Americans Sitting at Record Rates… Computer Posture Breakdown

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Americans getting more inactive, computers partly to blame

Americans are becoming increasingly sedentary, spending almost a third of their waking hours sitting down, and computer use is partly to blame, a new study found.

Over almost a decade, average daily sitting time increased by roughly an hour, to about eight hours for U.S. teens and almost 6 1/2 hours for adults, according to the researchers. That includes school and work hours, but leisure-time computer use among all ages increased too.

By 2016, at least half of American kids and adults spent an hour or more of leisure time daily using computers. The biggest increase was among the oldest adults: 15% of retirement-aged adults reported using computers that often in 2003-04, soaring to more than half in 2015-16.

Most Americans of all ages watched TV or videos for at least two hours daily and that was mostly unchanged throughout the study, ranging from about 60% of kids aged 5 to 11, up to 84% of seniors.

“Everything we found is concerning,” said lead author Yin Cao, a researcher at Washington University’s medical school in St. Louis. “The overall message is prolonged sitting is highly prevalent,” despite prominent health warnings about the dangers of being too sedentary.

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The researchers analyzed U.S. government health surveys from almost 52,000 Americans, starting at age 5, from 2001-2016. Total sitting time was assessed for teens and adults starting in 2007. The results were published Tuesday in the Journal of the American Medical Association.

The lure of computers means Americans are sitting more than before

Despite the growing alarm about the harmful effects of sitting too much, Americans are sitting more than in the past — in part because people are spending more leisure time in front of the computers.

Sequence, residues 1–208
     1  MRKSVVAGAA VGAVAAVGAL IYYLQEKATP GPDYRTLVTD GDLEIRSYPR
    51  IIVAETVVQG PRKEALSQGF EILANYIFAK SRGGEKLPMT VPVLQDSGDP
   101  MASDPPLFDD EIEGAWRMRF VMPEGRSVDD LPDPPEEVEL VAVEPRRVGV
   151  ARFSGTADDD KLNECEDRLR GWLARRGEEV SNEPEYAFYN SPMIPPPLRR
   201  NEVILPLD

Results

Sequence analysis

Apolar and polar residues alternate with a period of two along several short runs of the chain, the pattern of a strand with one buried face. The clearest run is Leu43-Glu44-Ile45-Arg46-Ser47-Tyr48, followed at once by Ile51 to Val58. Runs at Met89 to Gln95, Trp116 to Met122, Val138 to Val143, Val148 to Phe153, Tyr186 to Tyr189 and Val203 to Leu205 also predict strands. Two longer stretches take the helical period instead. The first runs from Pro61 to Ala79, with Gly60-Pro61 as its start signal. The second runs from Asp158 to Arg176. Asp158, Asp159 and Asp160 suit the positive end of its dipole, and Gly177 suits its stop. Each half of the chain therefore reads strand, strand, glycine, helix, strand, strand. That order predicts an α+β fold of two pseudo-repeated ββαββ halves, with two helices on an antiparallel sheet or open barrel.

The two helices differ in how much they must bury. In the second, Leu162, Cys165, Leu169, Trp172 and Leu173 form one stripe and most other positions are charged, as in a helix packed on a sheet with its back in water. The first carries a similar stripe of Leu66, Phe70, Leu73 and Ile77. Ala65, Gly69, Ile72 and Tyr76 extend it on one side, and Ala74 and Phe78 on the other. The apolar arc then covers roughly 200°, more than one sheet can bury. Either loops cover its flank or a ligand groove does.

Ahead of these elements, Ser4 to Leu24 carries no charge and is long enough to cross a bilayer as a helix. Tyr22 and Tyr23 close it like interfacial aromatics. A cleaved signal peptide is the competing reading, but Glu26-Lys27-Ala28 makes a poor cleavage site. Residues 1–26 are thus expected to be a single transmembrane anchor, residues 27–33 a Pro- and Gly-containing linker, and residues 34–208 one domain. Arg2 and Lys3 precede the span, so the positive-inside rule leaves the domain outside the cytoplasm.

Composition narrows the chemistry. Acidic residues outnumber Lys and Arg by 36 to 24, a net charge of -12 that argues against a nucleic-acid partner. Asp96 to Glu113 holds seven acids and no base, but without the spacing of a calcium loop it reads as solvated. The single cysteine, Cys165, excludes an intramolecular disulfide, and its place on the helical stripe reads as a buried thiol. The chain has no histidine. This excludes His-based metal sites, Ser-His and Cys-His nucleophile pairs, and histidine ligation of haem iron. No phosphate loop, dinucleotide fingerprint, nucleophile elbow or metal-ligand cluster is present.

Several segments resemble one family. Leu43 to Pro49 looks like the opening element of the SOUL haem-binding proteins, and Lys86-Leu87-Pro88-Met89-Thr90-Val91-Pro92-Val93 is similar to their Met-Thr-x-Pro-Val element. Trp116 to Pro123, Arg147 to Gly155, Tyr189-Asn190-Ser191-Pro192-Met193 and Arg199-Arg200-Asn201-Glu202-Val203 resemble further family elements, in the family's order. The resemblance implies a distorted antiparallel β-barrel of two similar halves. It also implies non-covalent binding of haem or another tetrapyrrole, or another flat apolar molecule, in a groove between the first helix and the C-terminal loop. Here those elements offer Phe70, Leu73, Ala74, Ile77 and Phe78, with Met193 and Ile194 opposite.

The association between lots of sitting and bad health is now well-established, but there hasn’t been a lot of data on how sedentary Americans actually are, says Yin Cao, a cancer epidemiologist at Washington University in St. Louis and co-author of a study published today in the Journal of the American Medical Association. By analyzing data from the National Health Nutrition Examination Survey, Cao and her team found that, for both adults and teens, the total time sitting increased by about an hour per day from 2007 to 2016 (from about 6.4 hours to 8.2 hours a day).

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The amount of time spent sitting and watching television or videos was generally stable between 2001 and 2016 — at least two hours a day — but as time went on, people in all age groups reported spending more of their leisure time sitting while using the computer. By 2016, half of adults reported doing this for at least an hour a day, up from 29 percent in 2003. This was true for 57 percent of teens, up from 53 percent. “[People] work indoors more than ever before and this may also change their leisure time activity as well,” explains Cao. Though using computers is now a common leisure activity, that may not have been the case in the past when computers were less ubiquitous. Cao adds that people may not be aware that sitting too much can be dangerous, especially since “there’s no clear intervention” to address this issue in most schools and workplaces.



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